“This meta-analysis is nothing new and is already obsolete, since it is mainly based on old papers that used too little vitamin D to expect any effect. A New Zealand study saying we should only supplement people with vitamin D deficiency and evidence of bone loss is equally wrong. Virtually everyone in New Zealand, and most adults in the US, are vitamin D deficient by modern criteria, being below 32 ng/ml.
The reality is that we now know that they are deficient with regard to extraskeletal effects of 25(OH)D if their serum level is below 40 ng/ml. These papers should be disregarded as obsolete work. We are moving into a new era of using vitamin D3 in doses no less that 4,000 IU/day for people aged 9 years and older… Studies using less than 4,000 IU/day are on the verge of obsolescence.”
Are You Vitamin D Deficient?
Some news sources, such as the Star Tribune, have noted that high-risk groups such as babies, pregnant women, and the elderly are still advised to take vitamin D supplements. The thing is, a majority of people, regardless of age, sex, or nationality, are in fact low or deficient in vitamin D, and stand to benefit from raising their levels into the clinically significant levels, which is higher than the recommended “normal.” (For more information, see the next section below.) Before the year 2000, very few doctors ever considered the possibility that you might be vitamin D deficient. But as the technology to measure vitamin D became inexpensive and widely available, more and more studies were done, and it became increasingly clear that vitamin D deficiency was absolutely rampant. For example:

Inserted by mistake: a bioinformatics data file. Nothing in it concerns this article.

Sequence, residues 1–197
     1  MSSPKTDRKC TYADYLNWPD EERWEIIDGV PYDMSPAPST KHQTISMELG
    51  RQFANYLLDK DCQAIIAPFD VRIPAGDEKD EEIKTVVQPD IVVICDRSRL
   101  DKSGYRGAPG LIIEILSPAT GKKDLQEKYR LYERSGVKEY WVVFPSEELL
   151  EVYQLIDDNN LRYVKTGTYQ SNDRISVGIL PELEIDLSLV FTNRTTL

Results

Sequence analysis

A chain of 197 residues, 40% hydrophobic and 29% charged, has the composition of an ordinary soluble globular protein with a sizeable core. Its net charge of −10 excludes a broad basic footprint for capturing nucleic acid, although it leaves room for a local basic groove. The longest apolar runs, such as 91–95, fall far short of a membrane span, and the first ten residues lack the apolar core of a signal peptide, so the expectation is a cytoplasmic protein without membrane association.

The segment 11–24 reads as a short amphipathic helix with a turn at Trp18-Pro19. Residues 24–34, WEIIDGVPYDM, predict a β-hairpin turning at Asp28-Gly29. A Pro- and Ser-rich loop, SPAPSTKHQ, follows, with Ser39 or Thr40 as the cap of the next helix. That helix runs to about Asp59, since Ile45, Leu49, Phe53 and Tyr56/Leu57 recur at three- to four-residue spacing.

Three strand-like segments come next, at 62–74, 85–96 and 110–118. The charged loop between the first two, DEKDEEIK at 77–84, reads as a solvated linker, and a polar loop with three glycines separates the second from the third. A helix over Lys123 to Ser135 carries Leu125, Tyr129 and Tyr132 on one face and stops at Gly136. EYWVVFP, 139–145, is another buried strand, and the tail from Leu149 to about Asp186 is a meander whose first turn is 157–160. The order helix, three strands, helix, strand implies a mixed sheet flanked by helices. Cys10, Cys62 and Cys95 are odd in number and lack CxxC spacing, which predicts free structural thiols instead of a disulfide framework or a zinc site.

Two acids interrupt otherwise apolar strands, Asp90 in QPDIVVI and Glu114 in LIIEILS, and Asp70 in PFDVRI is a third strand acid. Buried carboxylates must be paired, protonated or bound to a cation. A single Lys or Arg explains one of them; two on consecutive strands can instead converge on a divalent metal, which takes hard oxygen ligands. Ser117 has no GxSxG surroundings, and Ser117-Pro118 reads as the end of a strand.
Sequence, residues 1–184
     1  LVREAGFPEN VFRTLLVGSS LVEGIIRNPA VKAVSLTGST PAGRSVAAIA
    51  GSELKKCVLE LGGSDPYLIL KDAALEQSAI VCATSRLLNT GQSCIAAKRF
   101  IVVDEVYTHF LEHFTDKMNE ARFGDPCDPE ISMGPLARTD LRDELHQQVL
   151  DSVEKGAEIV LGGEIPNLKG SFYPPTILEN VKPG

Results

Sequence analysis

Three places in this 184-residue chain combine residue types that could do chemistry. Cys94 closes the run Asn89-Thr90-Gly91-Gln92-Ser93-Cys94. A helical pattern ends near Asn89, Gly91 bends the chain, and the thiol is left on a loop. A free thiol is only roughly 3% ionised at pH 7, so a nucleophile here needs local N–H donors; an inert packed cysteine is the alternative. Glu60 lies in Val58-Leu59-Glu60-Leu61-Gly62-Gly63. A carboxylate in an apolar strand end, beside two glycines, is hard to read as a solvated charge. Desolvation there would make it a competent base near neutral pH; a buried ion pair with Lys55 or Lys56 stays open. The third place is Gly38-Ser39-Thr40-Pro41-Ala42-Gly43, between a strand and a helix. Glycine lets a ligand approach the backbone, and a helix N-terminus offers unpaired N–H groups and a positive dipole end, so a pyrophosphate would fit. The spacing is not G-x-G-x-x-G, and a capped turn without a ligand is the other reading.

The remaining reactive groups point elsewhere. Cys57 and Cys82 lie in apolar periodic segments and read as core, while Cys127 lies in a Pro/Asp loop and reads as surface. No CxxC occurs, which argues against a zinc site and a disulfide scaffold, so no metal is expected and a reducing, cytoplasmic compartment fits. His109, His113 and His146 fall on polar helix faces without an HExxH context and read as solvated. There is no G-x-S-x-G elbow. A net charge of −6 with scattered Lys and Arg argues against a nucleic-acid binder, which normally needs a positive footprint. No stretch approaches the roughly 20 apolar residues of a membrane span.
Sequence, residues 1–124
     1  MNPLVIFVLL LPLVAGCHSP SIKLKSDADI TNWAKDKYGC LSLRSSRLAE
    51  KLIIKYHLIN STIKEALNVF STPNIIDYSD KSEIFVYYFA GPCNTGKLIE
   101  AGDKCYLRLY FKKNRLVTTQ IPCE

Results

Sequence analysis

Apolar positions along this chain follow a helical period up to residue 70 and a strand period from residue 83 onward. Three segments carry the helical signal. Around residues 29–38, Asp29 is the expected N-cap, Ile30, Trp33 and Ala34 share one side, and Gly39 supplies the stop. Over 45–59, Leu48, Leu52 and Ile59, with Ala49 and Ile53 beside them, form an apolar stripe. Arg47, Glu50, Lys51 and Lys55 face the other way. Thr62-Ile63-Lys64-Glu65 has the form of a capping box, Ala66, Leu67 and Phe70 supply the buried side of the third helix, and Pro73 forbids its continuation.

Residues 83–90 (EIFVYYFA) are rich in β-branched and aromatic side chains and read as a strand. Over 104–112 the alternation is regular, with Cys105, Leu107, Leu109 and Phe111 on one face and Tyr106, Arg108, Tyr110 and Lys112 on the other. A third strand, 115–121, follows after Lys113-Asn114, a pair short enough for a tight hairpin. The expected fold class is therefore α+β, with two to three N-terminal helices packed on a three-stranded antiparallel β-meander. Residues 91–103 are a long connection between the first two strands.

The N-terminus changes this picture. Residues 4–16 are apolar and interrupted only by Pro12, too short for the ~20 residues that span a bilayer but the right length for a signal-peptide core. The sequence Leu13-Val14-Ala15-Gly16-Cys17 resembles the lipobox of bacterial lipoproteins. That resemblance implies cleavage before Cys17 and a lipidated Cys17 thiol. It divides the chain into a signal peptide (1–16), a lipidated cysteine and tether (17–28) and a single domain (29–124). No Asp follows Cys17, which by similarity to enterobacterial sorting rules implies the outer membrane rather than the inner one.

- The Centers for Disease Control and Prevention (CDC) reported that 32 percent of children and adults throughout the US were vitamin D deficient
- The National Health and Nutrition Examination Survey found that 50 percent of children aged one to five years old, and 70 percent of children between the ages of six and 11, are deficient or insufficient in vitamin D
- Researchers such as Dr. Holick estimate that 50 percent of the general population is at risk of vitamin D deficiency and insufficiency
Now Is a Great Time to Test Your Vitamin D Levels